Philip - Traditionally, the "kurabito" were hired by the toji, not by the owner directly, so the relationship between them was the big one. In the past, it was rare for kuramoto to be involved actively in the hands on business of brewing. Some kuramoto liked to keep a close eye on things: others left everything entirely to the toji. There are ups and downs to both approaches.
Beau - In your storied time in the sake industry, what changes have you witnessed first hand, and what are some changes to come? (I would love a technical production reply as well as a "market view")
Philip - I learned the ropes amongst veteran brewers from Tajima and Nanbu, living and working in the brewery in the way their fathers and grandfathers had done. There are now far fewer active teams comprised entirely of veterans from the traditional guilds, and there will be still more changing of the guard as currently active veterans retire. There has been a lot of experimentation and diversification, partly because of the market pressure on sake.
Beau - How does the industry look at Daimon-san (owner of the brewery where PH works) now that he has entrusted his family's biz to a whitey! What do you think his great great grandfather would say if he were told that his great great grandson would put a Westerner at the helm?
Philip - Not sure. These issues vanish with the people I work with directly, and I long since gave up worrying about what the others think. I don't think Great-great Grandad would be able to imagine the idea at all, since he was presumably active before the Meiji restoration, and would probably never have seen a westerner.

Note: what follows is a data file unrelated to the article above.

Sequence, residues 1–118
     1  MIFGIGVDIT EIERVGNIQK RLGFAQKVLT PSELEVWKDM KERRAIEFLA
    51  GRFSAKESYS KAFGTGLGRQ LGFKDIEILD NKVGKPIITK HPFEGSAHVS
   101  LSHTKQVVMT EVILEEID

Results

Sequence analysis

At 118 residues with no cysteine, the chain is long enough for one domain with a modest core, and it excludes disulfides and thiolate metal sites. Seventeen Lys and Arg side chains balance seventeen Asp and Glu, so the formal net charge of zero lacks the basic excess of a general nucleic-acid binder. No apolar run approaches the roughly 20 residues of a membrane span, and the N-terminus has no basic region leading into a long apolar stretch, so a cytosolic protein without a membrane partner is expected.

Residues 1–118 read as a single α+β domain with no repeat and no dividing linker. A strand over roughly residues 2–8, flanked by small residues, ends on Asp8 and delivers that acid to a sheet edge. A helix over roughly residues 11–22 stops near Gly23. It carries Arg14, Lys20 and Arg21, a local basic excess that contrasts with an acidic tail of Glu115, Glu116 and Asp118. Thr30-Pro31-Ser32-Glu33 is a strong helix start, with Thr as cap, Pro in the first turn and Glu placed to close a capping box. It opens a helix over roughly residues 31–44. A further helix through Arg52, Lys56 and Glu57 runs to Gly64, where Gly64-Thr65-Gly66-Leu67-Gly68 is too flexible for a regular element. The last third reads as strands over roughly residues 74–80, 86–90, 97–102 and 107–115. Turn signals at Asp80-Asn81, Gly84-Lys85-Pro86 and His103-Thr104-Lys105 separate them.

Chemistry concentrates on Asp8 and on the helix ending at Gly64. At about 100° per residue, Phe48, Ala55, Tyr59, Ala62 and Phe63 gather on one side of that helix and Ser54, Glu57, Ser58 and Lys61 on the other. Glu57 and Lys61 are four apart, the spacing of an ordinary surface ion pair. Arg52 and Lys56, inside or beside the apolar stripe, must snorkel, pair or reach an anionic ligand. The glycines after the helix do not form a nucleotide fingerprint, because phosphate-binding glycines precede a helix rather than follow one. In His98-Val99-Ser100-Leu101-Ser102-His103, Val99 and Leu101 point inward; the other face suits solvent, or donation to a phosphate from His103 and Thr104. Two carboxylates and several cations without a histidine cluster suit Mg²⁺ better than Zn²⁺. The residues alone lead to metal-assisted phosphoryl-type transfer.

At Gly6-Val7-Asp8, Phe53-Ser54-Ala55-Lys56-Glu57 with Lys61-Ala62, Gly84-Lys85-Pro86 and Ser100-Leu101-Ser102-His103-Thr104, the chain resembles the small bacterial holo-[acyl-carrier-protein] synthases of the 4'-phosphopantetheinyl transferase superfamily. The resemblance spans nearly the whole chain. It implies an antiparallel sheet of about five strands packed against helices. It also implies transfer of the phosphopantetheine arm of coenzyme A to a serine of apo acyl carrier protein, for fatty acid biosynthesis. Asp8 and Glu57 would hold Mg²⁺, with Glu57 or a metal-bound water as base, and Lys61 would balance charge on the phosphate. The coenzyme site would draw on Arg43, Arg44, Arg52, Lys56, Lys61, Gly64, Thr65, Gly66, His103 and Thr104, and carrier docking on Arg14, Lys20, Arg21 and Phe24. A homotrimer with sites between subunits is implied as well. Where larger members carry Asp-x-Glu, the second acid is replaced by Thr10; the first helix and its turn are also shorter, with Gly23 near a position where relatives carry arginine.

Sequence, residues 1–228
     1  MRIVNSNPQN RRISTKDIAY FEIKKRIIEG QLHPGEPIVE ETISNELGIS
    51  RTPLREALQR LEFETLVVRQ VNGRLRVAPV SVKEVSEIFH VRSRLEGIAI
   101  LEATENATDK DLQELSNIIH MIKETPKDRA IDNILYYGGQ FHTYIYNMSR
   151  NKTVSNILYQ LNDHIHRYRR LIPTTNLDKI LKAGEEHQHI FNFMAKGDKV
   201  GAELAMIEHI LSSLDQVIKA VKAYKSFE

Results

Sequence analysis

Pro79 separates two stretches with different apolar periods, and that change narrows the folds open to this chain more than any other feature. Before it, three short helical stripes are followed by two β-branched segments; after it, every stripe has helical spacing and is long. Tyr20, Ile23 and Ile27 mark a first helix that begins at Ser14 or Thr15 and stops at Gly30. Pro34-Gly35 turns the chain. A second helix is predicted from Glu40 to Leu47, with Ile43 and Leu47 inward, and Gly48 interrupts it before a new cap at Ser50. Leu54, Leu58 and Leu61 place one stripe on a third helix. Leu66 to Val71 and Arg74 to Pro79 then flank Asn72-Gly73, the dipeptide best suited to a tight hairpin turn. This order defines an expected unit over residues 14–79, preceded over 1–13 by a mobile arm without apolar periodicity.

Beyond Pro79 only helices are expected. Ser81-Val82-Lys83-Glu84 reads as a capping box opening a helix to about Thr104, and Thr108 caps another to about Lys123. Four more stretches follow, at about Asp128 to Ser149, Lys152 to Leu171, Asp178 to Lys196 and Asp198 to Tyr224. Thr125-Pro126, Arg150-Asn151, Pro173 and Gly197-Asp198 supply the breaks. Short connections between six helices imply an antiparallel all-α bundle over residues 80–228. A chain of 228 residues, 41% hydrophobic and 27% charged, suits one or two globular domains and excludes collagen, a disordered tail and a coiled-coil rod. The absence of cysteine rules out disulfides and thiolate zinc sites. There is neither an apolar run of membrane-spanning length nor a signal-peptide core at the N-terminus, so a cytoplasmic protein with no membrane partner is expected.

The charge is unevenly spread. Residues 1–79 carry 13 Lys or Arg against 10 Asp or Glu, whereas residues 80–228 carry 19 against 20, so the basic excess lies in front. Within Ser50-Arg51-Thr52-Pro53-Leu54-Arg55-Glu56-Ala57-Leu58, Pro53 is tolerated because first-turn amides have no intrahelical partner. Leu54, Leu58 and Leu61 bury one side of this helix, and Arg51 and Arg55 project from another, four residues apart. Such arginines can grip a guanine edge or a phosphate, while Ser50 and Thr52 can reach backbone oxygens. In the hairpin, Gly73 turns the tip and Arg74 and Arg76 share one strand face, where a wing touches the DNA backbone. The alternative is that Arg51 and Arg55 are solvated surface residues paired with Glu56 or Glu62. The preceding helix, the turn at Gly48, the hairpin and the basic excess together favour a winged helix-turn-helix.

Beau - Have you paved the way for more westerners to become a part of this amazing industry?
Philip - I know of four westerners who have worked in breweries apart from me. One is an American woman who manages a brewery in Nagano. Of the three who actually worked on the brewing side, only one is still in Japan. I don't think he plans to do it full time. So far, there doesn't seem to be a rush to join in, but with sake's international profile becoming so much more prominent, who knows?
Philip is as humble in virtual communication as he is in person. From what I observed, he has a calmness that is spearheaded by a concern for his product. He is somewhat pensive, and tries his best to be "one of the guys" in a world where the "guys" are quite different. Nevertheless, the code of sake makers is to work as hard as possible to make THE BEST product, and it doesn't matter if you are male or female, white or even green as long as you can do the job that honors the essence of sake.
I highly recommend reading Philip's "The Insider's Guide to Sake" (Kodansha International 1998), which I sell at True Sake. And in case you are wondering, as I was, Philip is producing a second book, which will be released sometime next year. And for future review of the fruits of Philip's new toji efforts please try the following four sakes available in the US: Mukune – Junmai Ginjo, Mukune "Shadows of Katano"- Nigori, Tozai "Voices in the Mist" - Nigori, and Tozai "Well of Wisdom" – Honjozo.